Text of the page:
The best way to know the self is feeling oneself at the moments of reckoning. The feeling of being alone, just with your senses, may lead you to think more consciously. More and more of such moments may sensitize ‘you towards you’, towards others. We become regular with introspection and retrospection. We get ‘the’ gradual connect to the higher self we may name Spirituality or God or just a Humane Conscious. We tend to get a rhythm again in life. We need to learn the art of being lonely in crowd while being part of the crowd. A multitude of loneliness in mosaic of relations! One needs to feel it severally, with conscience, before making it a way of life. One needs to live several such lonely moments. One needs to live severallyalone.

Wednesday 29 February 2012


I know her as much as you know her if you have come across news reports about this lady, who had been living on the Chinchpokli platform for three months. On 27th of February, Mumbai’s tabloid Mid Day had published this story about 90-year old Savitri Kashiram Desai that how the Chinckpokli platform had been her home for the past three months; how her son’s family abandoned her after she fell down and became immovable; how the daily commuters started taking care of her brining food and water daily and medicines and clothing as and when needed; how some of them took to the active campaigning to reunite her with her family or find a shelter home for her.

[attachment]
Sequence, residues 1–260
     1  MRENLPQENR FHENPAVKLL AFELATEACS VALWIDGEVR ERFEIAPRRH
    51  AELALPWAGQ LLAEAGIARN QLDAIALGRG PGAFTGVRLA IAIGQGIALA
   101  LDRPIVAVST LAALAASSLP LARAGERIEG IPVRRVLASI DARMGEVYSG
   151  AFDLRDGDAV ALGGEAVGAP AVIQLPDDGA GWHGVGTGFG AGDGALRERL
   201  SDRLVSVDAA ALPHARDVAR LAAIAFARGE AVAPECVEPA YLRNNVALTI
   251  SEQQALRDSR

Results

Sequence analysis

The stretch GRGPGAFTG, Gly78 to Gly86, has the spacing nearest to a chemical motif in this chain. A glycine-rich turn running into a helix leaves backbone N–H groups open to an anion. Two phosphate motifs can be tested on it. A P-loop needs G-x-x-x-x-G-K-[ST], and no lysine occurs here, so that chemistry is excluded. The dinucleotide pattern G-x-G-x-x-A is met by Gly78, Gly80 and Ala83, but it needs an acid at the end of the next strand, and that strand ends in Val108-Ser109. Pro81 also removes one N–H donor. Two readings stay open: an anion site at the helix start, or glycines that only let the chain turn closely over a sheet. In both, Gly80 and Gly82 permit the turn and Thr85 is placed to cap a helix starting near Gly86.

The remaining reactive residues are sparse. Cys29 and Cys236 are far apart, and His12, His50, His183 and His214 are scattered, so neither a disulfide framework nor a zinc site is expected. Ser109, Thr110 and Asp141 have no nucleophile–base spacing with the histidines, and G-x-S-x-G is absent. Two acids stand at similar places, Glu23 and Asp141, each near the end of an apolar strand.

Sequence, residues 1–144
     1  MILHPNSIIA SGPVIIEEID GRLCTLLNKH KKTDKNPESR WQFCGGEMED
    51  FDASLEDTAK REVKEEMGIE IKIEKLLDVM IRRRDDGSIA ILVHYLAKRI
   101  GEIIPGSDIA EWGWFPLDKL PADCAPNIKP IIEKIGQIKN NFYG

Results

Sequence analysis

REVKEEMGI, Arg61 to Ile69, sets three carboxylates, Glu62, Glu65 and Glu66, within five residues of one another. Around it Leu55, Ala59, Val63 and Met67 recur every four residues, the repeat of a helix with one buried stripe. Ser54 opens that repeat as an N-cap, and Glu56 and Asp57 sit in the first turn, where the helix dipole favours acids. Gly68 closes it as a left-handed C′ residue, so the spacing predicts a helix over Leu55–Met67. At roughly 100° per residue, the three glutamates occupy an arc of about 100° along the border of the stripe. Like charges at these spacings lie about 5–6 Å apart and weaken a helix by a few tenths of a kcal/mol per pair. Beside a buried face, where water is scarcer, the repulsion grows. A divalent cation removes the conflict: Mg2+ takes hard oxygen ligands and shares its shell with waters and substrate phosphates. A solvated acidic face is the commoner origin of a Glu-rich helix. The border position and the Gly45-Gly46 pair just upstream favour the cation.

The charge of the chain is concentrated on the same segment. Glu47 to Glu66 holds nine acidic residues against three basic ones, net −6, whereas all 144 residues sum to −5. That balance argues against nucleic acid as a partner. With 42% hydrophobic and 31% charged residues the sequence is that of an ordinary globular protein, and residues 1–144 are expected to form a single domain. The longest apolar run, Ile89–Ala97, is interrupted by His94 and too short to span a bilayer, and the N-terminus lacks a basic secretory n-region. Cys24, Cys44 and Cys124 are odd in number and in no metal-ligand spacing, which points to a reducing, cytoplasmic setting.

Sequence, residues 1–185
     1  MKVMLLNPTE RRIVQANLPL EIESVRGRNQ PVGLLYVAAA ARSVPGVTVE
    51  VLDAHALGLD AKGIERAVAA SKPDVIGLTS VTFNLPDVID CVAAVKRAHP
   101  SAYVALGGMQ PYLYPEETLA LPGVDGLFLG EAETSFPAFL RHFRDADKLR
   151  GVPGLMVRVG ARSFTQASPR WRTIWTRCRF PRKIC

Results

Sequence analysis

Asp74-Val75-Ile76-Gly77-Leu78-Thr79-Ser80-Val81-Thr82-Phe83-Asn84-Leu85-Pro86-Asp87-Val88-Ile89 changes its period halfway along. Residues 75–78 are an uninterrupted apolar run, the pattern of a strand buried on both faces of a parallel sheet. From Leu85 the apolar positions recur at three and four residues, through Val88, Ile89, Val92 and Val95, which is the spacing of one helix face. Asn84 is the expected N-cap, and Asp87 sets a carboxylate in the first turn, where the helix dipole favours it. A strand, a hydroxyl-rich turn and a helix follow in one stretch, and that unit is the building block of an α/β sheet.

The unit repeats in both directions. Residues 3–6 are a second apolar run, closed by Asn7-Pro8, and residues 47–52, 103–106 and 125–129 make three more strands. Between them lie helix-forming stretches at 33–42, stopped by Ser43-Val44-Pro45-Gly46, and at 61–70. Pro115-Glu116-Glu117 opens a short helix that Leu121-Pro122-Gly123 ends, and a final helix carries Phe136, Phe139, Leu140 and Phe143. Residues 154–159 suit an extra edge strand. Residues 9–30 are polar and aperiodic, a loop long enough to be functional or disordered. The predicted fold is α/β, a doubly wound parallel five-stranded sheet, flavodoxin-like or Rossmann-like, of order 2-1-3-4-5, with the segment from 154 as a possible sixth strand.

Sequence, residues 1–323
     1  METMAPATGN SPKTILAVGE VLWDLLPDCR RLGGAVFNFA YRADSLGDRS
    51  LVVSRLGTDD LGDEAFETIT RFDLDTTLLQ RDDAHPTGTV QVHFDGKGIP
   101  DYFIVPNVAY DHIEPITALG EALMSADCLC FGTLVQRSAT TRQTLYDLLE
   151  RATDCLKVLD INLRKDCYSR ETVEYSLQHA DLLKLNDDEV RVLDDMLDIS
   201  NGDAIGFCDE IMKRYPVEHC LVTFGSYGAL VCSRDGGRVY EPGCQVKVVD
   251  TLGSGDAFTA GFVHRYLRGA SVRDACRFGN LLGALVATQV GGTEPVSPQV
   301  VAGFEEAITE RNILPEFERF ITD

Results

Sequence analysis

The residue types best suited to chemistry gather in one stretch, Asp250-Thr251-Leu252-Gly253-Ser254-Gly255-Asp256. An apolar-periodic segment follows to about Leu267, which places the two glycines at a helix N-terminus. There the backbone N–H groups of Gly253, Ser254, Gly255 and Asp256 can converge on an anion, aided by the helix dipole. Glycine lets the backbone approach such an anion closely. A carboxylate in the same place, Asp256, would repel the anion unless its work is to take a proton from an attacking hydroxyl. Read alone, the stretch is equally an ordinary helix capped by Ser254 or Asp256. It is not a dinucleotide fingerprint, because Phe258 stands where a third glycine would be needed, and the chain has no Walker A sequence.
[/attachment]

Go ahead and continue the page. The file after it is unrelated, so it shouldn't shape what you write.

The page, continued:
After a day of it, Mid Day published impact story that Savitri Desai’s son had taken her back to home. Probably, the mounting social pressure and the threat of the social stigma forced him to do so. Though, wary of harassment as the consequence of causing social humiliation to her family by being in news for the wrongs committed by the same family, she decided to go back after reassurances by her son and some of her new-found and sincere well-wishers. One of them said he would visit Savitri Desai at least once a week to see if she was being treated well.

Savitri Desai at Chinchpokli platform (Photograph sourced from the Internet)
To know more about Savitri Desai, I tried to google with the search string ’90-year-old at Mumbai station’ and what the first page showed told was corresponding to the large scale deterioration of ethos of everything that we perceive as the Indian way of life. Though being so specific ‘a search criterion’, the search result showed other cases where a 90-year-old was thrown out of the house by family members. This is what I bumped in on the first page of Google search. (I am not going into some similar story headlines linked on further pages.)

  • Mumbai: son takes abandoned 90-yr-old mother home
  • Son takes abandoned 90-yr-old mother home
  • Abandoned by family, 90-yr-old lives on railway platform
  • 90-year-old living at railway station collected by son -
  • Discarded by kin, 90-yr-old lives on railway platform @ Mumbai
  • 90-year-old found murdered in her flat, News - City - Mumbai Mirror
  • Son arrested for killing 90-year-old woman - Times of India